© Copyright – Joan L. Pagano.  All Rights Reserved Worldwide.

10 Top Holiday Fitness Tips

Saturday, November 21st, 2015

The holiday season can wreak havoc with your best intentions to stay in shape. It's easy to get de-railed with parties, slice of pumpkin pie with whipped toppingtravel and general disruption to your normal routines.  Be proactive: Plan your strategy now to maintain your fitness when life gets hectic. Use these 10 TIPS to keep on track for the New Year. 

1)  Make movement a daily habit. The secret of your success is found in your everyday routines. Consistency is the key to building and maintaining momentum. 

2)  Think "activity" instead of "workout." Find opportunities to be active during the course of your day. Walk to work, take the steps, lift and carry your groceries, do housekeeping chores energetically. It all counts!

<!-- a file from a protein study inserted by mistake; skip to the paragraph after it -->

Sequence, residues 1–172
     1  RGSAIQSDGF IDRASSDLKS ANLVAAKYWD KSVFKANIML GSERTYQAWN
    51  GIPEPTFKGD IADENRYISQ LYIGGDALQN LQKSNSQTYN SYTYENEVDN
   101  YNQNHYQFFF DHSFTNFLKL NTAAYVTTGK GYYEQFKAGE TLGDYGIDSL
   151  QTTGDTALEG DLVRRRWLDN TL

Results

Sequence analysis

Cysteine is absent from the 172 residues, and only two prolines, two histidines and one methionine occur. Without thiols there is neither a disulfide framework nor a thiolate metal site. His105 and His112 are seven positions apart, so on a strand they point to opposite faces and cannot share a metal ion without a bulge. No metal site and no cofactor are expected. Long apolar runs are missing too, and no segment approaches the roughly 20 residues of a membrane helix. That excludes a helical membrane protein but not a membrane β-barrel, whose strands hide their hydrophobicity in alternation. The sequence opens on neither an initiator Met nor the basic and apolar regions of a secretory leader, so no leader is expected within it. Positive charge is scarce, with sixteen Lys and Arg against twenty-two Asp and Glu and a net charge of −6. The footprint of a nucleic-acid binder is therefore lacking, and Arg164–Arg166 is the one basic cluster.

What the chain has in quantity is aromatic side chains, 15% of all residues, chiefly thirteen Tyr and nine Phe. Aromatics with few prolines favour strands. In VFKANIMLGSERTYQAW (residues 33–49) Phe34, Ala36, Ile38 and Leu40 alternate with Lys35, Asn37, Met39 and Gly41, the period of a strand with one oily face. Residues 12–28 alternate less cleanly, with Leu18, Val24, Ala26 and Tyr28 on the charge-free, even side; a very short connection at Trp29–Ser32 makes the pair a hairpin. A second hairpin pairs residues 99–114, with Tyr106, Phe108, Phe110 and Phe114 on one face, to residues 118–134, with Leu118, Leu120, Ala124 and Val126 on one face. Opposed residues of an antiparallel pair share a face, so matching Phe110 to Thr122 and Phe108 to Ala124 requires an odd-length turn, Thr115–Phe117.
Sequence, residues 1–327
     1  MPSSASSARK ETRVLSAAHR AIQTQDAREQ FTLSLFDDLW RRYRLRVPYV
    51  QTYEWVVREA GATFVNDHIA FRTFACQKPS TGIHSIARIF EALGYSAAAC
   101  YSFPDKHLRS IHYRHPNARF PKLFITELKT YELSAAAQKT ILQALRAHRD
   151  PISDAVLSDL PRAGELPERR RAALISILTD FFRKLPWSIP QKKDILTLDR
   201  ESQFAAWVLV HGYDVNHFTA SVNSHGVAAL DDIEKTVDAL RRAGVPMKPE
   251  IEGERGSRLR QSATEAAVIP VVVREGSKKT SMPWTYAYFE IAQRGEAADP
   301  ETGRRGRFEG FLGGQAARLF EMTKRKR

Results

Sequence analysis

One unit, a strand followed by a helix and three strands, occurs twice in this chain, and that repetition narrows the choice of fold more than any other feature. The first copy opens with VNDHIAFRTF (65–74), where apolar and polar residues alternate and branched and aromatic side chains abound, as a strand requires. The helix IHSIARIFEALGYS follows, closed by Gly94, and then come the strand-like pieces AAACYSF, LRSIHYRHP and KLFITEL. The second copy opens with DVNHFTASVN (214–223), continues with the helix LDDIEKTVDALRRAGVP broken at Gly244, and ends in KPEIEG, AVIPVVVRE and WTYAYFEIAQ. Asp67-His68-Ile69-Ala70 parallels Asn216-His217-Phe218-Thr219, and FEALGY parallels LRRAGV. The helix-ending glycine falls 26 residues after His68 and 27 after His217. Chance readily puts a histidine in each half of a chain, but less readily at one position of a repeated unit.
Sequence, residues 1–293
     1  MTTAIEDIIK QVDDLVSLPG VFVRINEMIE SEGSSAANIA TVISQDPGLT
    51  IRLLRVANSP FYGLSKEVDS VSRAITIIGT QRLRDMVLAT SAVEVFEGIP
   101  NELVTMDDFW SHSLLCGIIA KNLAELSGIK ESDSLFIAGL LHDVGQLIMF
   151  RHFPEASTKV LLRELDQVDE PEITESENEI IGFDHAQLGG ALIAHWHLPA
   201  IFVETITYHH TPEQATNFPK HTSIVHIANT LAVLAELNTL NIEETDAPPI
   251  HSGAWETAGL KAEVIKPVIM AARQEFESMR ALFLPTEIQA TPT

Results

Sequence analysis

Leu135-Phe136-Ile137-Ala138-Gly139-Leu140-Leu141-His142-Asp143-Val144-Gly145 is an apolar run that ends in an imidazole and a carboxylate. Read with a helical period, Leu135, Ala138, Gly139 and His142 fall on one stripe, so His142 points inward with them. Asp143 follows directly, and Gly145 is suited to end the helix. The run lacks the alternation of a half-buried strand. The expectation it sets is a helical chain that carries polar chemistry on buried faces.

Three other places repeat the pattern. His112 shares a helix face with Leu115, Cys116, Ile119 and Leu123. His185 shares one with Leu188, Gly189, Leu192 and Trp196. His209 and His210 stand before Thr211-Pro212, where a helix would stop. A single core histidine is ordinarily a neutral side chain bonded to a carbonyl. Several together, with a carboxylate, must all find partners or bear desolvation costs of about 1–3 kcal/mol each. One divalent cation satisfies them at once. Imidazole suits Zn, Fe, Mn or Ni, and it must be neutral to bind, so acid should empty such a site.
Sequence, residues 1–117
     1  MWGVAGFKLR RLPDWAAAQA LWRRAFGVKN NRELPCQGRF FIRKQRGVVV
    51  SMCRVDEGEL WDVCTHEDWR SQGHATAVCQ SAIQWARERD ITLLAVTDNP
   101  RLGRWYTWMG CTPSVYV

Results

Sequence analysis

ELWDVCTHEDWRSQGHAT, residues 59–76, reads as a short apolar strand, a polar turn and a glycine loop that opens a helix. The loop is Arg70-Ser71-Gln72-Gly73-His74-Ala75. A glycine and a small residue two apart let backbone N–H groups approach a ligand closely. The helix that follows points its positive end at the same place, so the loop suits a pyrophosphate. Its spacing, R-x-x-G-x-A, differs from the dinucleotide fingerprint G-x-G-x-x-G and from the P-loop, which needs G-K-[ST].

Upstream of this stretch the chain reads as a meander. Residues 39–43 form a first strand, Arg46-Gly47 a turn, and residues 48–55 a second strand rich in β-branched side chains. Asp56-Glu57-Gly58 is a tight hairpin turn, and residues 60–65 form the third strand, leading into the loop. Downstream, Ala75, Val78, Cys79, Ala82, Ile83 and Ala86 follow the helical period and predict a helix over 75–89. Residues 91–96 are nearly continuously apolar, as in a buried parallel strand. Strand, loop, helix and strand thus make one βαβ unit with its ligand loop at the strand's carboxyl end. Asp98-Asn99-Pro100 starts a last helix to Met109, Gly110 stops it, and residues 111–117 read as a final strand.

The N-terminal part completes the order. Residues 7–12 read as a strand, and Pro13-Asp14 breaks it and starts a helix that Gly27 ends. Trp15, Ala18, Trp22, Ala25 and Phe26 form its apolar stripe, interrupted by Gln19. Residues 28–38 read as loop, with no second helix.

3)  Accumulate 30 minutes of moderate physical activity most (at least 5) days of the week.  Studies show that exercise accumulated in short bouts of 10 or 15 minutes offers weight loss and aerobic fitness benefits comparable to those achieved in longer workouts. Take 2 or 3 shorter walks every day. 

4)  Simple exercises provide a mini full-body workout, no equipment needed. Do 10 to 15 repetitions of body weight exercises like pushups, squats, and crunches every other day for your muscle work. Too easy? Add another set of each.

5)  Combat the negative effects of prolonged sitting. For every hour you're sitting, get up and move around for five minutes.

6)  Count your steps with your smartphone, pedometer, or other tracking device.  See how many steps you average and then build on them. Try to add 1000 steps per day every week until you hit 10,000 in a day!

7)  Use the small moments of your day to do a few minutes of exercise while you're standing at the kitchen sink, sitting at your desk, relaxing on the couch. Visit the Daily Video Tool Kit  for free video clips of different exercises.

8)  Stand on one leg while brushing your teeth to improve balance.

9)  Do range of motion exercises in the shower. The warm, moist air is perfect for limbering up stiff hands and fingers.